The metropolis housewives discourage their imitation of mannerisms, attractive dress, or their smartness, as those are all artificial, simply lacking traditional aristocracy at their roots; they are emerged from the soil of the Sunderbans. But these young guys are turned as the urban dacoits, though they hail from the rural rustic saline environment who sometimes forget their roots, or most of them never return to their native land. Otherwise, rest of the rural dacoits of the Sunderbans is timid and shy. They perform their dacoity under darkness in the midnight. They are neither communal, nor they enforce rape or murder. Even the rural dacoits of their own village become the stumbling block for any act of dacoity by other gang of dacoits. Their kids not only learn lesson along with the other kids of their neighbours in the same co-educational school, but play with them in the afternoon.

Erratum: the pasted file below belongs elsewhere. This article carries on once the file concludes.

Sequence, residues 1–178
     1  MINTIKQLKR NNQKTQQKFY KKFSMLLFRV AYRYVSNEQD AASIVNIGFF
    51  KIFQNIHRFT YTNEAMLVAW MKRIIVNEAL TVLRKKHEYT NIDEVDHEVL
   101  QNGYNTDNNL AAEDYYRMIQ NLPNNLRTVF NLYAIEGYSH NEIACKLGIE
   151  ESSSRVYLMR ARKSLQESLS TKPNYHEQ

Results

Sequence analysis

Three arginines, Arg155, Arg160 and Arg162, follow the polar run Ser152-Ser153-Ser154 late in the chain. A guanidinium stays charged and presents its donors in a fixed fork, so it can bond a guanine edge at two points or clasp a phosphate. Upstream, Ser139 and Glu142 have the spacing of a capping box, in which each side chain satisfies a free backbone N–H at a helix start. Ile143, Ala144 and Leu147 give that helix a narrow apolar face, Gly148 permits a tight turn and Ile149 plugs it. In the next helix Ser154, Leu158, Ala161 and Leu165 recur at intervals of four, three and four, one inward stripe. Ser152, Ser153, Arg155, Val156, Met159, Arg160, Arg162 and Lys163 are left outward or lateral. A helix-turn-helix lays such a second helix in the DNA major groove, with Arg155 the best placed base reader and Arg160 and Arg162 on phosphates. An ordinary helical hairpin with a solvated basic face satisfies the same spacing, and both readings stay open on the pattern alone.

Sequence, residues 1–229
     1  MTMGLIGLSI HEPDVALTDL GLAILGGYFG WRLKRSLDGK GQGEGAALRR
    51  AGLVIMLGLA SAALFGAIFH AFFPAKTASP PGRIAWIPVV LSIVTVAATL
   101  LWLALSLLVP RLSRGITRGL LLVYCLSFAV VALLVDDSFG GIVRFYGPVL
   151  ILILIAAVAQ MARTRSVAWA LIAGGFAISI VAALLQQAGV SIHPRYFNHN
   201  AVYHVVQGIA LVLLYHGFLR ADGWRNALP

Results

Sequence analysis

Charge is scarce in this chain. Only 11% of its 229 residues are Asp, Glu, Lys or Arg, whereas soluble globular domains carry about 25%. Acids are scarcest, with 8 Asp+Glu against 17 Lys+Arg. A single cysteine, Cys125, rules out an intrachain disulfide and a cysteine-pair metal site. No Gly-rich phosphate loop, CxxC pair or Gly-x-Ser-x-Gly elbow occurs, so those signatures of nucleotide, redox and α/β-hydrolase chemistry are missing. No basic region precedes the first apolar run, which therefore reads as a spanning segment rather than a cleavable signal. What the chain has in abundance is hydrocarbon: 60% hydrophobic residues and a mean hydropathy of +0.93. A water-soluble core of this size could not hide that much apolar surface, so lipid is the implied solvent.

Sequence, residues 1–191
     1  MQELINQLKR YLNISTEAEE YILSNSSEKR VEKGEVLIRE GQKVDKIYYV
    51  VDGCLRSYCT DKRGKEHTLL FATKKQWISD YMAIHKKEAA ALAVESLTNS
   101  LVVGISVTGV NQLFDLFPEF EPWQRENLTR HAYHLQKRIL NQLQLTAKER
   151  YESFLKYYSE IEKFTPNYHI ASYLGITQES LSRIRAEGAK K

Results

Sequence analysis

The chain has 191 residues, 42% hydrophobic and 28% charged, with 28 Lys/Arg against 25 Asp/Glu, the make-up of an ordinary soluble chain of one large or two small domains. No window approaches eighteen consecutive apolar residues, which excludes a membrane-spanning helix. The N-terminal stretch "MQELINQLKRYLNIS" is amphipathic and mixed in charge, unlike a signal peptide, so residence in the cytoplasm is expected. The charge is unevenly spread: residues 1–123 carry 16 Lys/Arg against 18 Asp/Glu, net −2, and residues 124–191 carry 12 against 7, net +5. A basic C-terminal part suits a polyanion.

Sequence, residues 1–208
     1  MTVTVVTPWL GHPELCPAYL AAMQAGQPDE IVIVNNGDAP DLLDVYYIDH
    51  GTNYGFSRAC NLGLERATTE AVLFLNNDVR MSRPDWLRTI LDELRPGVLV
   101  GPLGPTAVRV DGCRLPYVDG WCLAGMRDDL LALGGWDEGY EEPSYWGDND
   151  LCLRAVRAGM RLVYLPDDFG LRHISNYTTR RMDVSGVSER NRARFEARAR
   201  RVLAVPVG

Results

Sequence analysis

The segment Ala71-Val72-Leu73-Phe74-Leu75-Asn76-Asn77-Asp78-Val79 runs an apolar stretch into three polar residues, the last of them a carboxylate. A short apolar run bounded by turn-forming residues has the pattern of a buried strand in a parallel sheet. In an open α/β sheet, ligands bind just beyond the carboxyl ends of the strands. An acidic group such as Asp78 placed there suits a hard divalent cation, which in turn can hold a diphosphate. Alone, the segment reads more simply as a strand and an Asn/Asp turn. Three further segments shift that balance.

It’s a tale of my childhood about an obligation’s incident to the life of rural dacoits of the Sunderbans. About five decades back, hearing a huge hue and cry, we all kids of purbapara of our village ran away to the source of uproar leaving slate, chalk, ink and quill. The unmetalled road was full of huge crowd followed by a procession of rural dacoits who were grid up their loins tightly with the rope made of coir. They were dark complexions having red eyes like china roses. They had to carry huge bags full of rice, pulse, dried peppers etc on their head, which were theft from the house of Hari Maity. During that last night’s dacoity, dacoits confined Prabodh, son of Hari Maity inside a room. Basanti, wife of Prabodh, was very clever. She managed to collect proportionate quantity of rice, pulse and peppers for tomorrow’s meal followed by her appeal to the dacoits and during her collection of food grains, she managed to leak all the jute bags full of rice, pepper and pulses. As a result of leakage of bag, rice, pulse and peppers are fallen along the entire road between the Prabodh’s house and huts of the dacoits. Following that evidence of theft marked with the food grains, the young people identified easily the store of the theft materials and the thieves were caught red-handed. Then the dacoits, seven in numbers, were confined in a class room of our school. Hundreds of villagers rushed towards school to see dacoits at a glance. Looking at the huge visitors, the dacoits were very much disgusted and one of them said, ‘Take any decision swiftly for us; we are awaking night-long.’ Then the senior-most persons of the village took the unanimous decision not to hand over the dacoits to the police as they belonged to the village and known to all and they did such bad acts as they were starving. So, the dacoits were fed well with rice, pulse and alu-makha (potato) at noon prepared with the theft material at the school hostel. The dacoits slept snoring on the floor in the school-room for about two hours. At afternoon, the room was unlocked again and dacoits were beaten up tremendously with the sliced garan (mangroves) branches by the members of the arjee party (a group of young people who guard the village by night). Hearing such heart-rending cry of the dacoits, the enthusiastic visitors left the place.  By evening, there was nobody, neither villager, nor the dacoits in the class room of our school.